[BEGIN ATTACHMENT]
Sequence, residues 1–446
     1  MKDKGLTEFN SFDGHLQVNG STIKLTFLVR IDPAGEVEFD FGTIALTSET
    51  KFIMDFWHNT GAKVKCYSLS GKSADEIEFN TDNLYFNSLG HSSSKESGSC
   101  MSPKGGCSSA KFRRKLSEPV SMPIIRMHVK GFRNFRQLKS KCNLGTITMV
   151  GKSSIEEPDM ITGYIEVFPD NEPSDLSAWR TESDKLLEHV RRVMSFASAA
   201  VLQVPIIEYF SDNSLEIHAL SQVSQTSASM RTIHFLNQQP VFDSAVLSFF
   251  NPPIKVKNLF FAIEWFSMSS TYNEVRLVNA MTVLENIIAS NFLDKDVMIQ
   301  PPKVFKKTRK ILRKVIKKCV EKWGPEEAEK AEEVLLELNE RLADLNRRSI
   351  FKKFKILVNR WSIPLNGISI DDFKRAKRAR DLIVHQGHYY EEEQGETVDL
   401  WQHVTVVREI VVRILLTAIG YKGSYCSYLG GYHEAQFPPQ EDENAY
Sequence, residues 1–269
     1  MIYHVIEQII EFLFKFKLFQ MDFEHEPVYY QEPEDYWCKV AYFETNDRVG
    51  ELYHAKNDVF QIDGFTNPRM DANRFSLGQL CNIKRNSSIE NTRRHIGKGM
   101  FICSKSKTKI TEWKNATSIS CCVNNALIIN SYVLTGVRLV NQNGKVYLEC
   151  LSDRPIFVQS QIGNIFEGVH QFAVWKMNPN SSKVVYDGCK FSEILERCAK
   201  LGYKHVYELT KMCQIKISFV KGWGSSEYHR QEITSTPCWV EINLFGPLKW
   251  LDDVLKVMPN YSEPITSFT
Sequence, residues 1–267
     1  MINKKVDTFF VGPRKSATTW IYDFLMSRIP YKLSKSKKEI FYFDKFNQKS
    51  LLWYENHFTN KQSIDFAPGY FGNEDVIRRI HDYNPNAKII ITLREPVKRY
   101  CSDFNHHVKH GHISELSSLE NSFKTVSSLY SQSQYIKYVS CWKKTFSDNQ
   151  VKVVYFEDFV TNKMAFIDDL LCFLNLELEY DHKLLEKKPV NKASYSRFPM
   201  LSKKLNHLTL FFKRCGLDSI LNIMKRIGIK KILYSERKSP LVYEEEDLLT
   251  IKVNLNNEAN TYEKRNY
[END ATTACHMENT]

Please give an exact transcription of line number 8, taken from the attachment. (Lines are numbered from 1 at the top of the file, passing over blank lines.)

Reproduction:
   301  PPKVFKKTRK ILRKVIKKCV EKWGPEEAEK AEEVLLELNE RLADLNRRSI